New Ads Show the 'Stubborn' and Soft Sides of Inhofe
With the presidential contest settling into its general election groove, we'll start paying closer attention to the advertising for this year's congressional races.
In an effort to get ahead of the competition, Inhofe has "saturated the state" with two ads that showcase his hard and soft sides. The first is "One Man in America," a 60-second spot that uses some pretty straightforward language to describe the senator:
"When our military was ordered to eliminate bases, one hardheaded man was able to prove that every Oklahoma base was worth every penny," the announcer says.
"Stubborn helped the people of my town," says a woman in the ad. Apparently Inhofe's campaign considers stubborness an attribute worthy of a TV ad.
But Inhofe is also selling his softer side.
His second ad is "Africa and The World," a 30-second spot that touts the senator's overseas trips "to quietly get to know the leaders."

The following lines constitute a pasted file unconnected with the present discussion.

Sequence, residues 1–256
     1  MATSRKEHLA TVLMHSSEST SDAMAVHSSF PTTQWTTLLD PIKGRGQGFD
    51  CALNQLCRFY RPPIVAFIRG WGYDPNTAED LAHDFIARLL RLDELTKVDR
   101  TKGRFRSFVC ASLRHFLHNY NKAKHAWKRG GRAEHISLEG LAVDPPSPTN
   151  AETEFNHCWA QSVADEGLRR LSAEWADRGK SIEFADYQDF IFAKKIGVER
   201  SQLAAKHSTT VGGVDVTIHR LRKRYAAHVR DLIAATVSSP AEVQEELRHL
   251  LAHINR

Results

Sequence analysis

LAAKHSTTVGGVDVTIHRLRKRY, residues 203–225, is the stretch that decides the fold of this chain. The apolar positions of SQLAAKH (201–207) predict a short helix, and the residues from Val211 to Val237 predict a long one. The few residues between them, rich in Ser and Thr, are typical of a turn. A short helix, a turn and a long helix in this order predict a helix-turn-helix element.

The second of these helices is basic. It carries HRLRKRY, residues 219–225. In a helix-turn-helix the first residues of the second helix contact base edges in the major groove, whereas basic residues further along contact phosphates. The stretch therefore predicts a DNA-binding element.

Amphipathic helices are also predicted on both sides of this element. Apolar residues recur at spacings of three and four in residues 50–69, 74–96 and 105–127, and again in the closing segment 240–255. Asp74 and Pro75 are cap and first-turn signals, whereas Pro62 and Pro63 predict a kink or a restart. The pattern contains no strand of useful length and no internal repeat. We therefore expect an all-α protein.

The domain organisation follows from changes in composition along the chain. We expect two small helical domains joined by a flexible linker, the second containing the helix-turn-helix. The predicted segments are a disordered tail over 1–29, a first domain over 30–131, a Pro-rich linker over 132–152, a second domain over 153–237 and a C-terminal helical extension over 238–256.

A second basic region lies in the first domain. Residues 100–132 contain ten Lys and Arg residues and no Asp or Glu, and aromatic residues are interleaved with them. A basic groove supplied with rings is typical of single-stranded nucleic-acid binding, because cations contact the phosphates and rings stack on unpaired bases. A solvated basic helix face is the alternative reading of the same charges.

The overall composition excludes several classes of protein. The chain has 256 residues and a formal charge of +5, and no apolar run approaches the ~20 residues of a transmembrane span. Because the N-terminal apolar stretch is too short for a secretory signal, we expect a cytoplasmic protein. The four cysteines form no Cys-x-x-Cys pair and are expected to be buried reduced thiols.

The ad features several images of him warmly embracing women, children, and government officials:
Twenty-nine intense trips in 12 years. To the front. To the saddest parts of Africa. To quietly get to know the leaders. Talking, praying, bonds that might bring peace, save a life, bring hope.
Jim Inhofe did that?
Inhofe is perhaps best known nationwide for his skepticism about global climate change, calling it a "hoax." In his role as the ranking member on the Senate Environment and Public Works Committee, he helped kill a climate bill that failed in the Senate last week. He received a well-documented verbal rebuke from Sen. Barbara Boxer (D-Calif.) for his stubborness during a March 2007 hearing about climate change that featured Al Gore.
-- Ed O'Keefe
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Posted by: Harry Bowman | June 11, 2008 8:17 PM
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Posted by: Harry Bowman | June 11, 2008 8:43 PM
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